Holistic assessment A social workers' assessment should consider all aspects of a person's life, not just tasks of daily living such as eating, washing and dressing. An assessment should also include discussion of working life, leisure activities and hobbies, religious or spiritual practice, family life, social life and relationships. To a certain extent, this is represented in current social care guidance.

The person is the expert in their situation.

Needs-led assessment Current social care guidance states that assessments should be based on what the person needs rather than the resources available.

Partnership approach The social work relationship should resemble a partnership in which the social worker and person work together to overcome the problems and barriers the person faces (French and Swain, 2002).

Anti-oppressive/anti-discriminatory practice Being aware of the oppression and discrimination that people face, and ensuring that social workers' own actions do not condone or contribute to this experience (Thompson, 2002).

It is important to note here that the values of social work haven't evolved in a vacuum. They are a response to the campaigning of the marginalised groups with which social workers are working.

Whilst in the 1950s, social work was heavily influenced by psychoanalysis, the social movements of the 1960s and beyond have gradually pushed social work towards the ideals of social justice and the idea that social workers should be enabling and empowering people, rather than being an expert who is prescribing solutions to people's problems. Moreover, social workers should be actively addressing their own contribution to the oppression of marginalised groups.

So where does it all go wrong? I'm going to suggest that there are several ways in which good social work practice is compromised:

Lack of resources This has always been a problem, and in the recent economic and political climate has only got worse. Social workers are not always able to put in place what the person needs (and/or wants) because the funding just isn't there. Additionally, social workers themselves are viewed as a resource. Social work time costs money, so there is pressure to manage a higher caseload (in order to employ fewer social workers), which means less time spent with each person. The net result of this is that social workers are not able to really get to know people, nor do they have sufficient time to reflect on their practice, meaning they will be more likely to inadvertently contribute to oppression, and less likely to assist the person to achieve their aspirations.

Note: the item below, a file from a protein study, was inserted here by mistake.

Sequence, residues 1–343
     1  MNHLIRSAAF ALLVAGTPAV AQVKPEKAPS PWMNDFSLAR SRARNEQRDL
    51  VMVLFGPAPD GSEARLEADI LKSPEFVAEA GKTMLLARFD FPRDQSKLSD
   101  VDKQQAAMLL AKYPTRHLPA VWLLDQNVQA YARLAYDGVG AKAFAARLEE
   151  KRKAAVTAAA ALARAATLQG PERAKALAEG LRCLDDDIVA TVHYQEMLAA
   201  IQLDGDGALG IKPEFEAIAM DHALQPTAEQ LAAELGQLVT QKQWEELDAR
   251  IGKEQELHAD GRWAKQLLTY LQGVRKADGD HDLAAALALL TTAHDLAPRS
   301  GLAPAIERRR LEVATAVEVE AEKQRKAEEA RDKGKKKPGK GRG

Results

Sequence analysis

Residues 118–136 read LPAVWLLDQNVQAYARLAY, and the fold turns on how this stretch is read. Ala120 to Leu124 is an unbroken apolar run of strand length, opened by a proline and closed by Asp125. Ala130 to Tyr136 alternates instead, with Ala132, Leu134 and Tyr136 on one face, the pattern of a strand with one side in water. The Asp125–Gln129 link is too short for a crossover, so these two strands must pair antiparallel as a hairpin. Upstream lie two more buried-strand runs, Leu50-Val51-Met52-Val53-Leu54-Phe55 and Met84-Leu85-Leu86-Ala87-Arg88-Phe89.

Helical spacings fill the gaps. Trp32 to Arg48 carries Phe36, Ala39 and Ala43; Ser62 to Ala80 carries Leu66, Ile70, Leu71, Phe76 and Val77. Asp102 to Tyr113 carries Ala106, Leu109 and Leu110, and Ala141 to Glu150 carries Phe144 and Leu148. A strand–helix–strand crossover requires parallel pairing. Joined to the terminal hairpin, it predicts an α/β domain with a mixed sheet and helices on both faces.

The eternal tension between what social work wants to be and the role that the government have prescribed I have set out above the ideals that social work as a profession aspires to. However, this is often at odds with the ideology of central government, whose policies social workers have to implement and who make the laws that define the social work role.

The influence of wider society on the social worker Society at large still subscribes to the medical model and the personal tragedy model. If social workers are not careful, they can internalise these ideas and this can influence their practice.

The watering down of social work values Lena Dominelli in particular has picked up on the issue of empowerment basically not really being empowerment at all. She uses the example of complaints procedures (against individual social workers) as appearing to empower individuals but actually making little difference because decisions about the way services are designed and delivered are made by management (Dominelli, 2000).

Lack of professional voice If social workers are to address structural inequalities, they need to speak out against these with a collective voice. Unfortunately, social workers have little respect in wider society and their professional opinions are rarely valued by those in power.

Allowing knowledge of the available resources to influence their assessment.